Drake set sail from England with three galleons and two supply ships, which he planned to abandon, when he reached his destination. heading to the Strait of Magellan. Drake sailed with the queen’s courtesan and his friend Thomas Doughty. After harsh weather, and very rough sailing, Thomas Doughty turned into a mutineer, convincing Drake’s exhausted crew to revolt against their captain. Drake’s reaction was ruthless. When Drake reached his destination on the West Coast of South America, Drake had Doughty convicted of mutineer by a military court-martial, and was beheaded. After this incident, Drake changed his ship’s name to "Golden Hind". By the time they had crossed the 330 miles of the Straits of Magellan, he had lost four of his ships. Alone on the other side, Drake sailed north along the South American coast, where he pillaged Spanish settlements and looted every Spanish ship he could. Sailing to Valparaiso, Drake encountered rain, and storms. His three-mast ship was devastated by the journey. The Spaniards were unable to identify the Golden Hind as a pirate ship and fell victim to Drakes attacks. He captured a Spanish Man Of War, in the port of Callo. From the captured ship, Drake learned that the Spanish galleon Nuestra Senora de la Conception, loaded with treasure, was sailing up the coast to Panama.  On the 3rd of March 1579 they sighted the galleon. Drake overtook the heavy galleon. The Golden Hind met the Spanish Galleon with cannon fire, and forced the Galleon to surrender. Drake plundered unimaginable wealth. It took Drake’s crew four days to transfer all of the treasure from the Galleon to the Golden Hind.. The captured 80 pounds of gold, 20 tons on silver, 13 cases of silver coins, and cases full of pearls and precious stones. At one point, Drake robbed a llama train, laden with gold and silver.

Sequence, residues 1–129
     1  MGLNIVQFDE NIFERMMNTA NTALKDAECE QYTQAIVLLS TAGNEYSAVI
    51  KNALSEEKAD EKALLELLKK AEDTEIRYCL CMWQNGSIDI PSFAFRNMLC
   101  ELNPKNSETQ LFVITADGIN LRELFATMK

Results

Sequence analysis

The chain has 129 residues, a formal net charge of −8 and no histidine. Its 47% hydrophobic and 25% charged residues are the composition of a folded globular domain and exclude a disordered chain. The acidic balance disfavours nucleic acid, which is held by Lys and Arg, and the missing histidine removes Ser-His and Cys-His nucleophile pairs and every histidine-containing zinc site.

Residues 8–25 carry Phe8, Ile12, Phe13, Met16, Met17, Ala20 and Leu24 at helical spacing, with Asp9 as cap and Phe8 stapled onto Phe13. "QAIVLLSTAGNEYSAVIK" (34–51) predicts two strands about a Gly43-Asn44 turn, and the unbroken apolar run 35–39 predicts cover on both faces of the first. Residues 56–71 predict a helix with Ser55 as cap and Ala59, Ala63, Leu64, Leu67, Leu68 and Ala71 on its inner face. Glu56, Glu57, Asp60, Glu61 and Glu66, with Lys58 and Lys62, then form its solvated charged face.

By the time he left the Mexican port of Guatulco, his ship was heavily laden with booty. Drake decided to avoid meeting any Spaniards on his return home, so he decided to sail home, around the world as Ferdinand Magellan had done. He dropped anchor somewhere near San Francisco and was greeted by Miwok Indians, who took Drake and his men for sea gods. Drake named this region New Albion, after the Celtic name for Great Britain and claimed it for Queen Elizabeth. He crossed the Pacific and Indian oceans and reached the Atlantic by sailing around the Cape of Good Hope, on the southern tip of Africa. On the 26th of September 1580, the Golden Hind burdened with the holds heavy and precious cargo, sailed to the port of Plymouth after three years of adventures around the world. Queen Elizabeth knighted him for his accomplishments and the treasures he delivered to the British Crown.. Sir Frances Drake later gained even more fame when in 1587 he attacked the Spanish shipyards in Cadiz and, in 1588 directed the defeat of the Spanish Armada.